Drexciya - Journey of the Deep Sea Dweller 2xLP (Clone Classic Cuts, 2013)
"Across a series of singles, EPs, and conceptual full-lengths released on labels like Underground Resistance, Warp, Rephlex, and Berlin techno imprint Tresor, Drexciya conjured a world more evocative than Hollywood could fathom, and at a fraction of the budget. The fourth and final volume of Journey of the Deep Sea Dweller series (the Dutch imprint Clone’s necessary reissue/rescue of Drexciya’s long out-of-print catalogue) proves that their releases are deep enough to warrant sequels with little dip in quality.
For those not familiar with the backstory, Stinson and Donald (operating under a cloak of anonymity) conceived of the mythic Drexciyans: a water-breathing humanoid race descended from the pregnant slave women cast overboard during trans-Atlantic deportation. Their mutant strain of electro, funk and techno—conjured on analog electronics and recorded directly to tape—is fittingly brutal. Even with forebearers like Kraftwerk and Cybotron, Drexciya’s sound remains singular.
Alongside a slew of unreleased tracks (at least six contain the word “Unknown” in them), some of their spikiest electro crops up here, from the severely phased, drillbit synths of “Aquatic Bata Particles” to the frantic, alarm-sounding “Mantaray”. While in hindsight Drexciya’s lineage to Detroit electronic music is evident, there’s also a latent sense of anger, fury and powerlessness to these tracks, one that at times makes me think of the duo as descendants of that “lost” Detroit act, Death. There’s as much of punk’s fury as techno’s pulse to be felt here.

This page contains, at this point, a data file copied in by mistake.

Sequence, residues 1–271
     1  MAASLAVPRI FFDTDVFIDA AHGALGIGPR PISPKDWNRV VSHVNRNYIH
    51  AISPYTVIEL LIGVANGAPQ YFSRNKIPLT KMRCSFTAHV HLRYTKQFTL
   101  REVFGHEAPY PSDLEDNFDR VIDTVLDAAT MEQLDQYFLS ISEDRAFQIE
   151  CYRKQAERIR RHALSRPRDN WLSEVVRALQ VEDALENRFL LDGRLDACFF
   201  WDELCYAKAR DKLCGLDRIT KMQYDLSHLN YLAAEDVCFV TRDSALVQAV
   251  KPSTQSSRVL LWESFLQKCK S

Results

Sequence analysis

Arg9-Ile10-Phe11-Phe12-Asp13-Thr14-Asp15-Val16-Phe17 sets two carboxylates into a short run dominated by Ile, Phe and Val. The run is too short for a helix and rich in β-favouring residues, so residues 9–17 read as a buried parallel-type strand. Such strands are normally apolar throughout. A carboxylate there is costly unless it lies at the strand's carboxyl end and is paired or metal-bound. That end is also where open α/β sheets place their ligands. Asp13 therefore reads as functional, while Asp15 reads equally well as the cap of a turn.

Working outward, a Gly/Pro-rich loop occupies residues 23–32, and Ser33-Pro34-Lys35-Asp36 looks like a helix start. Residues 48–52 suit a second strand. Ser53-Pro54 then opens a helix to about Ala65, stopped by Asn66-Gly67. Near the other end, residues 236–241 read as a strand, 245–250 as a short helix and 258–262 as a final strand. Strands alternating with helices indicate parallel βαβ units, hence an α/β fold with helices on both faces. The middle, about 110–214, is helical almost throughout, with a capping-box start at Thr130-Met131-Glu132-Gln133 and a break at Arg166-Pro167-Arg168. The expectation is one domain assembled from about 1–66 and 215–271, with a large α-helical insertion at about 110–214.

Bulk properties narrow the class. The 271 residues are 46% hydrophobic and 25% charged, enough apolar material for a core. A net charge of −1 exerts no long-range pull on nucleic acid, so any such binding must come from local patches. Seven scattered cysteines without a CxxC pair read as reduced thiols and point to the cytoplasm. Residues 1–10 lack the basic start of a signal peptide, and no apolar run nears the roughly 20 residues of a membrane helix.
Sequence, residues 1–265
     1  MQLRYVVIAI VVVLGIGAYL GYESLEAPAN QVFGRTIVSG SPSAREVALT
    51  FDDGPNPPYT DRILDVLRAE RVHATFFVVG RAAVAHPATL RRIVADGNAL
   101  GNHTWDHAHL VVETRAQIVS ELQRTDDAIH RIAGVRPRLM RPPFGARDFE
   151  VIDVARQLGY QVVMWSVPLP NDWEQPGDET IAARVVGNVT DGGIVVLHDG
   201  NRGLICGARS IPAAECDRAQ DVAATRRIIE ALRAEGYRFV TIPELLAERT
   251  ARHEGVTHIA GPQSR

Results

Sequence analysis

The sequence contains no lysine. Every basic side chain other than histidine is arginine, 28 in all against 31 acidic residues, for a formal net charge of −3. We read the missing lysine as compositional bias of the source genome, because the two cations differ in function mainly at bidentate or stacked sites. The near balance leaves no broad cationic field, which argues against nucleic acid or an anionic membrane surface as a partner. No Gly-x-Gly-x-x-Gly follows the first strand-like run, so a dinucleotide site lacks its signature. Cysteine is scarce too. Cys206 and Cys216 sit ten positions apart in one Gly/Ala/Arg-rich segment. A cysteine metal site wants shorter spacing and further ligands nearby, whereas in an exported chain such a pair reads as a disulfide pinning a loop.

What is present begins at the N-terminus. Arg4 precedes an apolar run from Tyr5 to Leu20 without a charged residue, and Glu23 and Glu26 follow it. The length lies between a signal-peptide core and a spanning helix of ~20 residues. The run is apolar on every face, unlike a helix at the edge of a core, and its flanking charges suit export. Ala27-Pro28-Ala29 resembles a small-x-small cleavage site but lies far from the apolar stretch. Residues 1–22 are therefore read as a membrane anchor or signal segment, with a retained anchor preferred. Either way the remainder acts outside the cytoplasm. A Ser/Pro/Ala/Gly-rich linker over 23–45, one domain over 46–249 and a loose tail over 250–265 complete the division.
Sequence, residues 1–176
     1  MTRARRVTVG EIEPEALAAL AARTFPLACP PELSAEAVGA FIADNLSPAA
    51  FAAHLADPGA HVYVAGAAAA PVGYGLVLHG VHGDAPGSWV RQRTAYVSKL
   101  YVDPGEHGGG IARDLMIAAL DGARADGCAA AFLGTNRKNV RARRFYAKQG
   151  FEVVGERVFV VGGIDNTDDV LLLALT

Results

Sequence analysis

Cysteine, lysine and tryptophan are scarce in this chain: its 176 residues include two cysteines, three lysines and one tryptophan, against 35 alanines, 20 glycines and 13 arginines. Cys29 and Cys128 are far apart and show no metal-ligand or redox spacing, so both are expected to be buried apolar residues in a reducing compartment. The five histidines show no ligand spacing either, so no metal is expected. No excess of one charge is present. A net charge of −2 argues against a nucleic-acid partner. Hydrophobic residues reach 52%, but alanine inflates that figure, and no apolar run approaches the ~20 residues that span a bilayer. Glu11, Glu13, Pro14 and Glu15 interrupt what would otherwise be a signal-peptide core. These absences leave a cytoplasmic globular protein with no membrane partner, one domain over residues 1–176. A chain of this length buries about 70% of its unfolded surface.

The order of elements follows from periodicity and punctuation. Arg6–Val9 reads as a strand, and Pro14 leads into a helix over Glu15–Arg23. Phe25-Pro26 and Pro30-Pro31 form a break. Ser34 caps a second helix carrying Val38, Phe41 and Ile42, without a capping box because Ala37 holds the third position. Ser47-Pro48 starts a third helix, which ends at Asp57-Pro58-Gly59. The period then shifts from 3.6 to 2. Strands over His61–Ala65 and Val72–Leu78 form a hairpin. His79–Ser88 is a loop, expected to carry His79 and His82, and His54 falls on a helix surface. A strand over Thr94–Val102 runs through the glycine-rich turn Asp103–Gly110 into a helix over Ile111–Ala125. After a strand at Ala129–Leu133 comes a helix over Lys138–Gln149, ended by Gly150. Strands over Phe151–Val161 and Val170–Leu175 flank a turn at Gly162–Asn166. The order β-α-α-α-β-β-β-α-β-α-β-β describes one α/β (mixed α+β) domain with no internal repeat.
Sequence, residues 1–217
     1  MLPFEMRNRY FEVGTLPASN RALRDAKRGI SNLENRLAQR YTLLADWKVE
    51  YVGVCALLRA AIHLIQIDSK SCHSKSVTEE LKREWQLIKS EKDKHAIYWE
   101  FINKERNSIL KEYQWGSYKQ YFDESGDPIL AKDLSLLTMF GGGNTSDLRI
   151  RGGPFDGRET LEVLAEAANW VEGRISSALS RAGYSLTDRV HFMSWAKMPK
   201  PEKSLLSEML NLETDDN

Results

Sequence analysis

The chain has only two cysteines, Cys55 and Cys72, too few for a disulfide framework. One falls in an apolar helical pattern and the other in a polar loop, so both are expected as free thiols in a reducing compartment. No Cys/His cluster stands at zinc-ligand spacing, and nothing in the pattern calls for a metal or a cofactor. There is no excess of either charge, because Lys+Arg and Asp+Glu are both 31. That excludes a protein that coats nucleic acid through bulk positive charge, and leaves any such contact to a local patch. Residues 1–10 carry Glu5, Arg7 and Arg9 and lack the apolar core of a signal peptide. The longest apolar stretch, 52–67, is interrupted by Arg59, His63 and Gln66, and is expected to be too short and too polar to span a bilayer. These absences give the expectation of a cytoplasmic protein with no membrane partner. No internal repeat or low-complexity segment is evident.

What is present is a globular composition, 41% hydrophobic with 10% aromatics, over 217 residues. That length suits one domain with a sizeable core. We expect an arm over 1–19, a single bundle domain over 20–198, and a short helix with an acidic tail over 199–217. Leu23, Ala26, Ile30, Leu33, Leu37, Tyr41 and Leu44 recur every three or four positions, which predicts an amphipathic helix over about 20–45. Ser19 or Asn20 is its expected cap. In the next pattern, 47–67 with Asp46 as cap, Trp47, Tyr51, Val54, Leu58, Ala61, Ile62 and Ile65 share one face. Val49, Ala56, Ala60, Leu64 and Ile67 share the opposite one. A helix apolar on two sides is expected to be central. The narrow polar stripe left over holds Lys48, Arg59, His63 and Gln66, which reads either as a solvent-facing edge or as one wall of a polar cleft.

If there’s been a downside to this otherwise excellent reissue series, it’s that Clone has scrubbed clean the dystopian Afrofuturistic backstory that attended each Drexciya release, those sub-aquatic realms of stingray battalions, Aquabahns, Lardossen cruisers, and Darthouven Fish Men are left to the imagination, as well as that institution only managed via sci-fi tropes. But in absorbing both the punishing stingray whips and distressed synths on the seven-minute “Hydro Cubes,” Drexciya seems to anticipate the sort of repugnant tones Kanye West reveled in just last year to create Yesszus’s “sorrowful and furious headspace." But while Kanye proclaimed himself a god, Drexicya wondered if god was virtual reality. Nearly 20 years earlier, Drexciya were creating something equally livid and misunderstood." - Andy Beta (Pitchfork)